By Jake Watt
5th September 2020

In 2015, Josh Boone and Knate Lee officially signed with 20th Century Fox to make 'The New Mutants', a spinoff of Fox's previous 'X-Men' franchise, after pitching a horror trilogy. Originally scheduled for release in 2018, it was delayed twice until late 2019 to avoid other movies. This was eventually hindered by Disney acquiring Fox Studios, as 'The New Mutants' had to be incorporated into Disney's already busy schedule and the rights to 'X-Men' reverted back to Marvel Studios.

Now the year is 2020, there's a global pandemic and people are too scared to go to cinemas. The timing is perfect for Disney to finally get rid of some unwanted baggage, paving the way for a MCU reboot and giving critics a new Worst Movie Ever! to heap insults upon, a ritual I previously discussed in my review of 'Fantasy Island'.

Based on the comic by Chris Claremont and Bob McLeod, 'The New Mutants' is a young adult horror drama about a group of anguished and horny teens who are mastering their powers in a testing facility disguised as a hospital. Dr Cecilia Reyes (Alice Braga, 'Elysium', channeling Patrick Stewart's Professor X and Ian Holm's Ash from 'Alien') probes them with scientific tests while training them to control their destructive energies. The twist here is that each of these youngsters has accidentally killed people when their abilities first manifested (think back to Rogue's disastrous first kiss in the original 'X-Men') and are suffering deep trauma as a result.

Things begin to spiral out of control when new recruit Danielle Moonstar (Blu Hunt) arrives on the campus. Religious Irish werewolf Rahne Sinclair (Maisie Williams, 'Mary Shelley'), Southern hick Sam Guthrie (Charlie Heaton, TV's 'Stranger Things'), Brazilian playboy Roberto DaCosta (Henry Zaga) and bullying Russian Illyana Rasputin (Anna Taylor-Joy, 'Glass', 'Emma.') begin seeing their darkest fears come to life. In the process of trying to work out why this is happening, they begin to suspect that the hospital is hiding plenty of secrets of its own.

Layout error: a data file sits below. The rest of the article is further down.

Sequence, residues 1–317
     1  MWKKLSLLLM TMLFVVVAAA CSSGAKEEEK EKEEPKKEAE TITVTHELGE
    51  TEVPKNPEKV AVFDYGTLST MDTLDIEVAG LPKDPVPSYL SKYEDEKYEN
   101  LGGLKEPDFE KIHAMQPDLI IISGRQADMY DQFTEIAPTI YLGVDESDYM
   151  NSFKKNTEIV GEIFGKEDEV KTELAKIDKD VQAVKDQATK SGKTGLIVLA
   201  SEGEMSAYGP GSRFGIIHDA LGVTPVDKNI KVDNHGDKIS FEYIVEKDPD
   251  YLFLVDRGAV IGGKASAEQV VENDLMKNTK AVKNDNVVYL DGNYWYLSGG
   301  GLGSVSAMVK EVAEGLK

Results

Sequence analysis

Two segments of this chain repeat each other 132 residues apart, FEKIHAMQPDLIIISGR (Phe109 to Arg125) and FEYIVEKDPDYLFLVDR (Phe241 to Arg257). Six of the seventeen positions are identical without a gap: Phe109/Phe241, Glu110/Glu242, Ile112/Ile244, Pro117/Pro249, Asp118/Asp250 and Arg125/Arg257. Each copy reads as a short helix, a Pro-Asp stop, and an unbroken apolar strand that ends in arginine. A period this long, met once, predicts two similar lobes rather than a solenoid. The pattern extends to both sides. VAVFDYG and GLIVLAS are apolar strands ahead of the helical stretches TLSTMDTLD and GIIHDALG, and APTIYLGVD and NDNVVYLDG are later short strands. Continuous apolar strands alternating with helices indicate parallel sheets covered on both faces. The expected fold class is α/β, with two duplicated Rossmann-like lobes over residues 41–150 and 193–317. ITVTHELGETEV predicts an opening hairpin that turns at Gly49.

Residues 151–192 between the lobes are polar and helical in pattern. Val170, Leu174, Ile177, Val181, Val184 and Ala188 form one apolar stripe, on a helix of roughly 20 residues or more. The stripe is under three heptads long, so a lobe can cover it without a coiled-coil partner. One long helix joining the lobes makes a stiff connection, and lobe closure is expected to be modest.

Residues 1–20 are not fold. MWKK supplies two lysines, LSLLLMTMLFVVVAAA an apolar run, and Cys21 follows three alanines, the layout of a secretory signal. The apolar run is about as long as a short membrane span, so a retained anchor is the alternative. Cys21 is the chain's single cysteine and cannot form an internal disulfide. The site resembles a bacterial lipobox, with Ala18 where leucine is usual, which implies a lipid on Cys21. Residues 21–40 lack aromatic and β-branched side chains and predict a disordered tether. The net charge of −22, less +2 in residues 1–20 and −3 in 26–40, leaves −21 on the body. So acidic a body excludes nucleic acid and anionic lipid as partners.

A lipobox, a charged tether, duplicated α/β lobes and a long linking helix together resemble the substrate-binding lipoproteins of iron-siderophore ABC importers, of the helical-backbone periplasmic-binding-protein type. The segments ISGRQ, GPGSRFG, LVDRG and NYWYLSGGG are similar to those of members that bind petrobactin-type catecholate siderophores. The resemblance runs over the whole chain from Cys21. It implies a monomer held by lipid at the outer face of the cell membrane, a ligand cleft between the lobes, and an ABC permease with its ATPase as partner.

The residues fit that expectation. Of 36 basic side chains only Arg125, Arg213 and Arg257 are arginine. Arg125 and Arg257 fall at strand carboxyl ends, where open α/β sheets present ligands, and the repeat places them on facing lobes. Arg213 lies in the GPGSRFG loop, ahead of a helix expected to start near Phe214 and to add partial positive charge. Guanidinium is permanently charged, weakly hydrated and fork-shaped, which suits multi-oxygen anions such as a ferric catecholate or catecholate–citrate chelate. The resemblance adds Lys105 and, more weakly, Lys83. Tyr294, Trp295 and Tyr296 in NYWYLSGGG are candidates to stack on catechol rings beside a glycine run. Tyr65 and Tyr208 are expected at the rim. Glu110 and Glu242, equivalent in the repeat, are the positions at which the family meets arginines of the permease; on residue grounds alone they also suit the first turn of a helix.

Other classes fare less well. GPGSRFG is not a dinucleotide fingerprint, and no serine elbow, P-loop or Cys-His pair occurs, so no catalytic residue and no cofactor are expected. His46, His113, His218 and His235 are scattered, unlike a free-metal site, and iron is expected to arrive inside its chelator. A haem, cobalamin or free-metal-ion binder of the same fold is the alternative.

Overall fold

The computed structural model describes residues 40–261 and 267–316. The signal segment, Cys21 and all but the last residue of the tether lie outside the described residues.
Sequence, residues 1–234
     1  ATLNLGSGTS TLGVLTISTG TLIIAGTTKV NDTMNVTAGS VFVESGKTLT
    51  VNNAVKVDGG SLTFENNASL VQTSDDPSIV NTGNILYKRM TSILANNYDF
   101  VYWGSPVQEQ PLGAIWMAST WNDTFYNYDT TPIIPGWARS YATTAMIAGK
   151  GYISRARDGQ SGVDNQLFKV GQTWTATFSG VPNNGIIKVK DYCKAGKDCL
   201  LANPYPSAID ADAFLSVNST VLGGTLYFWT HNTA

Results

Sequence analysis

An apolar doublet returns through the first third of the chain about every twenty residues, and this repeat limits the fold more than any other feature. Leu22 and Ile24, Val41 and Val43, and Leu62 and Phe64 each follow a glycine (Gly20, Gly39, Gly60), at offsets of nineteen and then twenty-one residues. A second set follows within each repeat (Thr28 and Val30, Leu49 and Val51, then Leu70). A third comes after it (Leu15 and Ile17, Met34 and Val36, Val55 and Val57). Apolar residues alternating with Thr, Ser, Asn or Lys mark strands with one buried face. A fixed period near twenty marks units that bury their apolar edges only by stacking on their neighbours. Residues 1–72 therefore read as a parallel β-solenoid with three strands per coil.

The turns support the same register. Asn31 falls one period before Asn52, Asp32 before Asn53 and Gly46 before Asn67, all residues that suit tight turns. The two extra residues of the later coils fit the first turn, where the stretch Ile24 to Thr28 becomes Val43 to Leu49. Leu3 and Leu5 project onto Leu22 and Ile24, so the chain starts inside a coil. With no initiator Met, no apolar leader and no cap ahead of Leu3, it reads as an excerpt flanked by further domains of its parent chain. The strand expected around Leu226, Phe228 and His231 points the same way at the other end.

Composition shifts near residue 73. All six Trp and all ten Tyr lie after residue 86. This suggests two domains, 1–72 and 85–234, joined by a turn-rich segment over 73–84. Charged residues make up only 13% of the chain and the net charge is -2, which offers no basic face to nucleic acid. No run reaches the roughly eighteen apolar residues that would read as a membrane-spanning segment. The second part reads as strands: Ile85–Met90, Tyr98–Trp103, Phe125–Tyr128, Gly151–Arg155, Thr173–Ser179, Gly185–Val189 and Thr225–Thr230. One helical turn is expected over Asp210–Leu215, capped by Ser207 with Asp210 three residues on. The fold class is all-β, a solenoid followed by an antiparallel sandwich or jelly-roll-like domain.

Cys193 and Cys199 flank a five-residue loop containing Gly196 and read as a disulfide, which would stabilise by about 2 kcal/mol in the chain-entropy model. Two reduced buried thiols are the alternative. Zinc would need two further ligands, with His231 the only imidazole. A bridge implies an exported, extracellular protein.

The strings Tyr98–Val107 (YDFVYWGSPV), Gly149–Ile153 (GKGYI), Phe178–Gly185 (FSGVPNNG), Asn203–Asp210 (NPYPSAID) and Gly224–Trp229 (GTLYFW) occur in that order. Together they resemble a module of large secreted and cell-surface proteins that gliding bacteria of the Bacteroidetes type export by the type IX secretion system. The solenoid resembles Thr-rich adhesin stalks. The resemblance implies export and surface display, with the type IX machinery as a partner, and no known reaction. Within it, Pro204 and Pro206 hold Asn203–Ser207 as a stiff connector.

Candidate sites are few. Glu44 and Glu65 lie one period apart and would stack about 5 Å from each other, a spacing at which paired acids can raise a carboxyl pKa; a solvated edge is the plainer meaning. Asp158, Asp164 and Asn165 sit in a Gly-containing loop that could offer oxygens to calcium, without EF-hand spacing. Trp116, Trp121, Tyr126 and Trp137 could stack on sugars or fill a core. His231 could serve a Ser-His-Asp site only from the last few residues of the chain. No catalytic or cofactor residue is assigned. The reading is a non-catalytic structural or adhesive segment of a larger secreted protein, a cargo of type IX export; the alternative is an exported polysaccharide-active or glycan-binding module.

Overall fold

Just as 'X-Men: Dark Phoenix' was a darker and more psychologically complex entry than the other 'X-Men' movies, on a conceptual level, 'The New Mutants' is refreshingly different. A group of murderous hormonal teenagers, all with dangerous superpowers that they can't control, terrorised by manifestations of their most personal insecurities? A young superhero haunted by her history of child slavery? A compelling lesbian love story between two central characters, forging ahead from the already groundbreaking LGBTQ+ relationship in 'Deadpool 2'? Far from being an explosive action flick, Boone has created a smaller-scale character piece that uses horror to focus on real life issues, reminiscent of the 'Buffy the Vampire Slayer' TV series (it actually plays in the background at various points during the film).

Boone is assisted by a charismatic cast, with Anya Taylor-Joy standing out as a bullying, sword-wielding, teleporting mutant with a purple dragon hand puppet. The film's best moments occur due to the character pairings, like the easy back-and-forth of Roberto and Sam's friendship or Rahne and Dani, lying side-by-side on the grass, watching rain pitter-pattering off the dome of a glowing force-field.